Los Angeles, just like any other federal jurisdiction, has its own tendencies related to prosecutors and judges and the way they handle sentencing cases. The Federal Sentencing Guidelines are a nation-wide thing across the United States that each federal judge much consult when deciding what sentence to give a particular federal criminal defendant.
Also defense attorneys and prosecutors have to consider these sentencing guidelines in how they deal with a particular case, how they discuss the case with their client and host of other relevant factors.
Federal Sentencing Guidelines are Advisory
But the Guidelines are ultimately advisory — meaning that the judge can go outside the Guidelines if they feel that it is warranted based on the facts and circumstances of a particular case, and of course, a particular defendant in that case.
The judges, as far as sentencing goes in Los Angeles, range across the board from very fair/reasonable to more conservative/more harsh, and then of course, there's some judges that kind of fall in the middle of that gambit.
This of course is a person's opinion who's been doing this for 26 years and handled many federal sentencing in the Central District of Los Angeles. I think I have a pretty good feel for what a particular judge's disposition, but you never really know how a judge is going to see a particular case and a particular defendant.
The best you can do is gauge what information in a particular federal criminal case might be beneficial to a particular defendant related to the judge that's going to do the sentencing.
There's a whole host of things that a judge will consider in a federal sentencing in Los Angeles in making their final decision on what a criminal defendant's final sentence will be. One of the things is the probation report. The probation officer will interview the defendant.
Their attorney will likely be present during that interview and the attorney can of course provide any information either in writing or verbally to the probation officer to consider on the defendant's behalf.
The government will do the same and then that particular probation officer will do a post-plea investigation looking into the defendant's background, looking at the police reports and the investigation that was done on the case
They will review the indictment, reviewing the person's criminal record and then they will finally put together a report for the judge and make a recommendation based on that report as to what they think the defendant's sentence should be.
So, that's one big factor that a judge is going to consider in deciding what sentence to give a particular defendant.
Of course, if the report is submitted, the defense receives it, goes over it with their client and sees that the sentence that's being recommended and some of the things being considered are not reasonable or fair.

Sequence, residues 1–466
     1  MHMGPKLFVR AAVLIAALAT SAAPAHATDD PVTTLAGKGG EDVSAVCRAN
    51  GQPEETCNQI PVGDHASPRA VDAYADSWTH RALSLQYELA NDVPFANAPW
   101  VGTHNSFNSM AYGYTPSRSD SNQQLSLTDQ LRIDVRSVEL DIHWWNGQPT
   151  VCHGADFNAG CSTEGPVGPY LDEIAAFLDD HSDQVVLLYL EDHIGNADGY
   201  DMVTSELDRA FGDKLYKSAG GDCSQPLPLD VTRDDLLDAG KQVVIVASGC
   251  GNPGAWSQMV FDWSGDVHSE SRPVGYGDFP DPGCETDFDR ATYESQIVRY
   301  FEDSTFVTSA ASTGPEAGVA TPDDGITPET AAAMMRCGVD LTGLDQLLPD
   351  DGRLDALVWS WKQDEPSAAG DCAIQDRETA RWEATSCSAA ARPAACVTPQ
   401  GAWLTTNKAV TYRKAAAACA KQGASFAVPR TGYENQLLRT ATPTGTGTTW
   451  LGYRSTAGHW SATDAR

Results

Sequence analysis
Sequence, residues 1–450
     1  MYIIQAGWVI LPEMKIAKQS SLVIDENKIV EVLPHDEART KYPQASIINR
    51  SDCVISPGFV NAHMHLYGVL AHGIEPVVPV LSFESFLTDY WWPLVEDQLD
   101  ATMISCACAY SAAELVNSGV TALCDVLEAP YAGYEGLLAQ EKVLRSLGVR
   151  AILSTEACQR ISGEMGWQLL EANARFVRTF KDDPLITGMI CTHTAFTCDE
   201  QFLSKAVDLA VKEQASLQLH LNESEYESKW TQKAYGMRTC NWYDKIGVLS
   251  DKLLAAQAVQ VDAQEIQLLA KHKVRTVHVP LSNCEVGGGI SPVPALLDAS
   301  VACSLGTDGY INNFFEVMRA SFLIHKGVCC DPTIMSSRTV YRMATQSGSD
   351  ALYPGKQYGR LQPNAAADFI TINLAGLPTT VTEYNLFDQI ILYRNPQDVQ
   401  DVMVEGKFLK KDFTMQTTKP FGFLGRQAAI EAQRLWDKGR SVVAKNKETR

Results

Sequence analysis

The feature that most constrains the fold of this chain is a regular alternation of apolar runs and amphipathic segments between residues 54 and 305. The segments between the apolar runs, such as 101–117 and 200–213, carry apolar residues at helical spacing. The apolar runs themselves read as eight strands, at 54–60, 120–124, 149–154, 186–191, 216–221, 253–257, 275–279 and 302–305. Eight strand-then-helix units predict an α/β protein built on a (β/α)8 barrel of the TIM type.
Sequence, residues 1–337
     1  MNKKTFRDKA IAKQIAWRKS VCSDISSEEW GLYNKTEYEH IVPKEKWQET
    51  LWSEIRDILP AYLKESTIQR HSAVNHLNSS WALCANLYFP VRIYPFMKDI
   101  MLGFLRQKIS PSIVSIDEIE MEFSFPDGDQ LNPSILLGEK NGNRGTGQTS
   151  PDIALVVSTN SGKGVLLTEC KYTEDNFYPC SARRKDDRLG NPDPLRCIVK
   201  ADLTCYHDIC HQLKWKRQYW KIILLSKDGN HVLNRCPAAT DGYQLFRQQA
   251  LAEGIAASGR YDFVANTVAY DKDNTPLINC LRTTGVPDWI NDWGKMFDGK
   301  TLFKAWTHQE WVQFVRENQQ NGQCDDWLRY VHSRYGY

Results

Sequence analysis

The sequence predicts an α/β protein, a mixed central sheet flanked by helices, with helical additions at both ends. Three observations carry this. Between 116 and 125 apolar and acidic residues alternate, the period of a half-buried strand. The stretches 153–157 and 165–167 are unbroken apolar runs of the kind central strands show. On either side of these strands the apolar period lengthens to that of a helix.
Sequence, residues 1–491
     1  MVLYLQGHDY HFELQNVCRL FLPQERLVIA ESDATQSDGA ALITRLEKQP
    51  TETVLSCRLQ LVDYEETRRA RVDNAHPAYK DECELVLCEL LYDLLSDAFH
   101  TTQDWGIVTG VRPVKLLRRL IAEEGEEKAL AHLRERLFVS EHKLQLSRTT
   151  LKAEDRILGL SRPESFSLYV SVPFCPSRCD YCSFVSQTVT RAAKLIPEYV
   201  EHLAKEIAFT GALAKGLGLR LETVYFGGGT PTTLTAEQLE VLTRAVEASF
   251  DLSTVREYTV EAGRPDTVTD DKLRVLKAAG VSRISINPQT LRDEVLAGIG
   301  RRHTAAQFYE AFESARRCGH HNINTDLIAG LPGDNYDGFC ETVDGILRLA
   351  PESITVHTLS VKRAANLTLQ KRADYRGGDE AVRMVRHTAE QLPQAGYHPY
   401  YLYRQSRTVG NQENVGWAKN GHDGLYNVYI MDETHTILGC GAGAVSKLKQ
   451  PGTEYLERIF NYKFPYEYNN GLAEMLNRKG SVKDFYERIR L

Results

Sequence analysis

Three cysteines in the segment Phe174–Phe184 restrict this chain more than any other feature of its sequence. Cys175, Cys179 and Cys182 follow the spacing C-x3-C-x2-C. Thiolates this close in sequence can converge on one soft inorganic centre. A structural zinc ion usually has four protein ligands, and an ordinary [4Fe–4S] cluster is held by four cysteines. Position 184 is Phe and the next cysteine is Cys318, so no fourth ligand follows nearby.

The defense can object to that report, state the reasons for the objection and the judge can rule on those objections and obviously consider them in deciding exactly how a particular defendant will be sentenced in a federal criminal case. So, that's one big entity that weighs in on a sentencing in a federal case.
Sentencing Position Paper
Another big entity is obviously the government. The federal prosecutors, the Assistant United States Attorneys are going to get to submit a sentencing position paper on a Los Angeles federal criminal case and the judge will consider that.
They're going to have to serve a copy on the probation department. They can respond to it. They'll also serve a copy on the defense and the defense can respond to the government's sentencing position and can either agree with it, can argue against it or can just ignore it and make their own arguments related to the federal criminal sentencing.
Finally, the defense can submit their own packet along with character letters and any argument relevant to the defendant's sentencing and the judge will consider that as well. At the federal sentencing in Los Angeles, both sides will get a chance to orally argue to the judge and finally the defendant will get a chance to say whatever he or she wants and then the judge will decide what the person's sentence will be.
Contact Our Federal Criminal Lawyers for Help
So, there's a lot that goes into a federal sentencing. In my experience, the best thing to do is, not just to say things just to say them, but to say them because they have meaning and they bear on the person's background, what happened with the crime and the defendant's prospects for a future law-abiding successful life.
Those are a lot of the things that the judge is going to look at in general, in addition to what happened to the victim in the case — how much the defendant was involved and really what the impact of what the defendant did in the federal criminal case when deciding what a sentence might be in a Los Angeles criminal court.
So, I have a pretty good background having handled a lot of cases in Los Angeles and I think I can speak pretty accurately about what you're up against and some moves that you can make if you've got a Los Angeles federal criminal case that you're ultimately going to get sentenced on.
Hedding Law Firm is a criminal defense law firm located in the San Fernando Valley area of Los Angeles County at 16000 Ventura Blvd #1208 Encino, CA 91436. We are also located at 633 West Fifth Street Los Angeles, CA 90071. Contact us for a free case evaluation at (213) 542-0979.